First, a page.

National Drug Court Month celebrated

Thursday, May 5, 2011

In celebration of National Drug Court Month, Barry County Drug Court will hold a graduation ceremony at 4 p.m. on Thursday, May 12 at the Barry County Judicial Center. This will mark the court's sixth graduation ceremony and eighth graduate since the court was founded in May of 2008.

The ceremony will mark the completion of an intensive program of comprehensive drug treatment, close supervision and full accountability.

Like the other 2,500 operational Drug Courts in the United States, the Barry County Drug Court is a judicially supervised court docket that reduces correctional costs, protects community safety and improves public welfare. In drug courts, seriously drug-addicted individuals remain in treatment for long periods of time while under close supervision. Drug court participants must meet their obligation to themselves, their families and society.

To ensure accountability, participants are regularly and randomly tested for drug use, required to appear frequently in court for the judge to review their progress, rewarded for doing well and sanctioned for not living up to their obligations. Research continues to show that drug courts work better than jail or prison, better than probation and better than treatment alone.

"The Barry County Drug Court team believes this program has been highly successful, and we greatly appreciate the support of the Barry County community," said Judge Victor Head, who presides over the local drug court program.

"Thanks to a federal grant we received, we will be able to expand the number of people we serve in drug court and will be adding DWI Court as part of the program," said Judge Head.

Drug courts are this nations most effective strategy for reducing recidivism among drug-addicted, nonviolent offenders with long criminal histories. Nationally, 75 percent of individuals who complete drug court are not re-arrested. Drug courts save up to $13,000 for every individual they serve and return as much as $27 for every $1 invested.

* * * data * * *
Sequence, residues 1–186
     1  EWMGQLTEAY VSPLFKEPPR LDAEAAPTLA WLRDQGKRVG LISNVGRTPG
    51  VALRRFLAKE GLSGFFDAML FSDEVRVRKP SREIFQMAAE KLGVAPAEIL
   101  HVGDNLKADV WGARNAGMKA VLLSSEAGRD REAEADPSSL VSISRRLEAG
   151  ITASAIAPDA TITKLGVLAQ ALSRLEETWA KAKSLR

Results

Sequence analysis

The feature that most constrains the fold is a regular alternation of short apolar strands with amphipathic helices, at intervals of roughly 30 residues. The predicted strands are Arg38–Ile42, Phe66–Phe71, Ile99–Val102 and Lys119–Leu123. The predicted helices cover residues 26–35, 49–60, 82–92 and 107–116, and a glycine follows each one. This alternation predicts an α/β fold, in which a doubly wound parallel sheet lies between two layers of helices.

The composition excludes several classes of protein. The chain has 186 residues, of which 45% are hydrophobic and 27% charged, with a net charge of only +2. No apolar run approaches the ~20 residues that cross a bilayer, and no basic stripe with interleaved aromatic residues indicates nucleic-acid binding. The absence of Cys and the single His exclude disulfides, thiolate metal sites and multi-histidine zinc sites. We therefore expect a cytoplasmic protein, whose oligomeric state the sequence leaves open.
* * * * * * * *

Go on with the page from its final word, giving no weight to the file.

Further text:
"Drug courts are a proven budget solution and must be expanded," said NADCP CEO West Huddleston, chief executive officer of the National Association of Drug Court Professionals. "Drug courts are changing the face of our justice system, not only saving lives but saving critical resources."

The graduation on May 12 is open to the public, and members of the community are invited to attend.

Members of the Barry County Drug Court team include: Judge Head; Barry County Prosecutor Johnnie Cox; Brian Landreth with the Barry County Sheriff's Department; Earl Best, treatment provider; Nancy Foulke, Missouri Probation and Parole; Cassville Police Chief Dana Kammerlohr; Danny Crabb, drug court tracker with the Barry County Sheriff's Department; Mike Riehn, defense attorney; Marty Stearns, drug court coordinator; and Lisa Schlichtman, drug court evaluator.

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  • I certainly am thankful for the drug court system in Barry County. I am not personally a part of it, but I do have much knowledge of alcoholism and addiction and am aware of this last chance effort to change a persons life/path. Thanks to all involved, as I would also be ready to offer whatever I have to enrich its capacity to help those who are captured in this diverse tragedy of addiction.

    -- Posted by Stallion on Tue, Aug 6, 2013, at 9:40 PM
  • I believe the inedible consequence of alcohol/drug addiction is death or insanity in its final stage. The efforts being made by the government and local court systems should be praised and supported by all, and that includes the news media for providing this good news to their readers. May God Bless.

    -- Posted by Stallion on Tue, Aug 6, 2013, at 9:43 PM
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